This disease can be spread by eating centipedes, frogs, snails and other creatures
When a 78-year-old woman went to a hospital in Guangzhou, China, in November 2012 complaining of a headache, drowsiness and a stiff neck, doctors initially were puzzled. The patient had meningitis, but no signs of bacteria or viruses that can cause the illness. Then a cerebrospinal fluid test revealed she had a high number of white blood cells called eosinophils, a clue that she was fighting a parasitic infection. That helped the doctors zero in on a culprit: a thin, swirly-patterned worm called Angiostrongylus cantonensis. The woman was suffering from rat lungworm disease. So was her adult son.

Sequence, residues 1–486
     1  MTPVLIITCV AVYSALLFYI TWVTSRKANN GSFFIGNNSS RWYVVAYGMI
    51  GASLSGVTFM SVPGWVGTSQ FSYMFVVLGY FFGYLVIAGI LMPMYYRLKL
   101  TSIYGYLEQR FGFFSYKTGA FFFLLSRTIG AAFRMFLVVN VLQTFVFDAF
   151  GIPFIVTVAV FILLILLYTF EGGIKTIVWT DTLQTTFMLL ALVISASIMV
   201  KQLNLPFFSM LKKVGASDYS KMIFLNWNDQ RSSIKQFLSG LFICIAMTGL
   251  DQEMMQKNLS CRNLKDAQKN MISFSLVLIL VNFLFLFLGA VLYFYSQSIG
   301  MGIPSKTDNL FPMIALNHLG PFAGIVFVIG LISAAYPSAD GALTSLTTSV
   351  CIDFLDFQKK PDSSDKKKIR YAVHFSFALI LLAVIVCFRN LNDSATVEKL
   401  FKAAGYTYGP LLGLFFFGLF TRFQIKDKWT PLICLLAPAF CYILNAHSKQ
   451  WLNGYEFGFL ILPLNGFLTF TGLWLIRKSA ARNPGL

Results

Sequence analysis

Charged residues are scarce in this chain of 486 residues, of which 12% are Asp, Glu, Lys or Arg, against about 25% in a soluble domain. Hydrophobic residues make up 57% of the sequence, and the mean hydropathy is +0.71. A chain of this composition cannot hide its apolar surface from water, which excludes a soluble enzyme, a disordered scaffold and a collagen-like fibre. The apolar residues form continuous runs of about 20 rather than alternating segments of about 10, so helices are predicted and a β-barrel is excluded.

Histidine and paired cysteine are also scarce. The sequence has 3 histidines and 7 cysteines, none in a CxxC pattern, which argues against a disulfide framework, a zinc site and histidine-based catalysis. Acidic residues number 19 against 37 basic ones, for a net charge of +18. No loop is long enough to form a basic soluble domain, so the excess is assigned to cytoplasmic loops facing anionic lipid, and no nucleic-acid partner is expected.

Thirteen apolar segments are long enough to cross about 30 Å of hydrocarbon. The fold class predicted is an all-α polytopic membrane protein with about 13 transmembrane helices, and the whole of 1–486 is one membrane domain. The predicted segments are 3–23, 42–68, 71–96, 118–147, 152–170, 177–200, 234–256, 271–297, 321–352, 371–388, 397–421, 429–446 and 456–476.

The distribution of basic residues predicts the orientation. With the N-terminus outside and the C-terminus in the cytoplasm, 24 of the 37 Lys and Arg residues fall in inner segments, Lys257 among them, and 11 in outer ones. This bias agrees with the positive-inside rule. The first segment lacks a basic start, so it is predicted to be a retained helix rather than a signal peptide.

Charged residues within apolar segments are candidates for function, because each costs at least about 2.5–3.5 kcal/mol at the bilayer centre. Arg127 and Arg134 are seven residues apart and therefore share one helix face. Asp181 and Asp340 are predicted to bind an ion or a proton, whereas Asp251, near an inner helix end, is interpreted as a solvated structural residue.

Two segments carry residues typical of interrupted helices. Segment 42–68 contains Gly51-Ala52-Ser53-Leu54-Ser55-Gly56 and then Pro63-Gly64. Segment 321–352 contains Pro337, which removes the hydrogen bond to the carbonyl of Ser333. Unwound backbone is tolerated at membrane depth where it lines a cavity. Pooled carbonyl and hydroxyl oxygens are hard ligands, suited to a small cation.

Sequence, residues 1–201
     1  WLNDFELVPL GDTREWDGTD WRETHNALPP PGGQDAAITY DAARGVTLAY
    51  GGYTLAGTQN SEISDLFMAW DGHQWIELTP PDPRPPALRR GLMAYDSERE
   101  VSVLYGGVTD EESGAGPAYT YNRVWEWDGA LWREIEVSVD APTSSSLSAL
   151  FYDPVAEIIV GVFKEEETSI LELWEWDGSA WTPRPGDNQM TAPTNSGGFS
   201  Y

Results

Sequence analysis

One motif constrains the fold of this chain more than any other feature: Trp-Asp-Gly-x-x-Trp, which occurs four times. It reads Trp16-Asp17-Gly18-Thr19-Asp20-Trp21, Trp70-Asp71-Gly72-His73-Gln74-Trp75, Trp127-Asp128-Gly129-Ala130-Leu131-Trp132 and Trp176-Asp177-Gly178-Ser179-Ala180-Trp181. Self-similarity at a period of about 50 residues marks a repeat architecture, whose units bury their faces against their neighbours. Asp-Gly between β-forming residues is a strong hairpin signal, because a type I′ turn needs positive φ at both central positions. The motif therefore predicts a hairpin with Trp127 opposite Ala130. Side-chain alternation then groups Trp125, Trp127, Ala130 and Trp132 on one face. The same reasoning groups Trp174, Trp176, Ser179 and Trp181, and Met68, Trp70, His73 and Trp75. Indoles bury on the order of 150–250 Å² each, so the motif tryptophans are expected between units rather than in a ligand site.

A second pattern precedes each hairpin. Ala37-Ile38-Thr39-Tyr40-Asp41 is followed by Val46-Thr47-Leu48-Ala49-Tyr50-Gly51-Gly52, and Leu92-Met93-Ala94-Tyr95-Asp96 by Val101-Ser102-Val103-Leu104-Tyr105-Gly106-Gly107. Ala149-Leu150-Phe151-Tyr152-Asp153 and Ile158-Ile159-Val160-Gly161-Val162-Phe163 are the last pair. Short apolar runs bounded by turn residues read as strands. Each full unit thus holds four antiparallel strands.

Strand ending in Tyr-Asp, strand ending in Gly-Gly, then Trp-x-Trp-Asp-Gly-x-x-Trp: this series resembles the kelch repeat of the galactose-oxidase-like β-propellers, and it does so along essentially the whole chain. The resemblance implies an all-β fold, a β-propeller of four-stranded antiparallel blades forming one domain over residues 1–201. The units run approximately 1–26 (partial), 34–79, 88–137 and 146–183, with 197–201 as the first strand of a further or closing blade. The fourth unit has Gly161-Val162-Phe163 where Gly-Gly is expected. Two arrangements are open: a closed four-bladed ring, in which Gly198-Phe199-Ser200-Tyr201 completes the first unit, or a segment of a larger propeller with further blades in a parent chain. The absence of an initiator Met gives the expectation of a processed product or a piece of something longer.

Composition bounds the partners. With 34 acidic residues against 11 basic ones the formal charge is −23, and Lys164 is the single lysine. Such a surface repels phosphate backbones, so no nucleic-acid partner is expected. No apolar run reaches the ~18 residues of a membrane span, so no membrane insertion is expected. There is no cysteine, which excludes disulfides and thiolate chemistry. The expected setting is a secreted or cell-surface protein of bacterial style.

But how were the pair infected? Rat lungworm disease, which gets its name from the fact that the worm eggs hatch in the lungs of rats, is commonly associated with ingesting snails or slugs (SN Online: 7/21/16). Infected rats poop out the worm larvae, which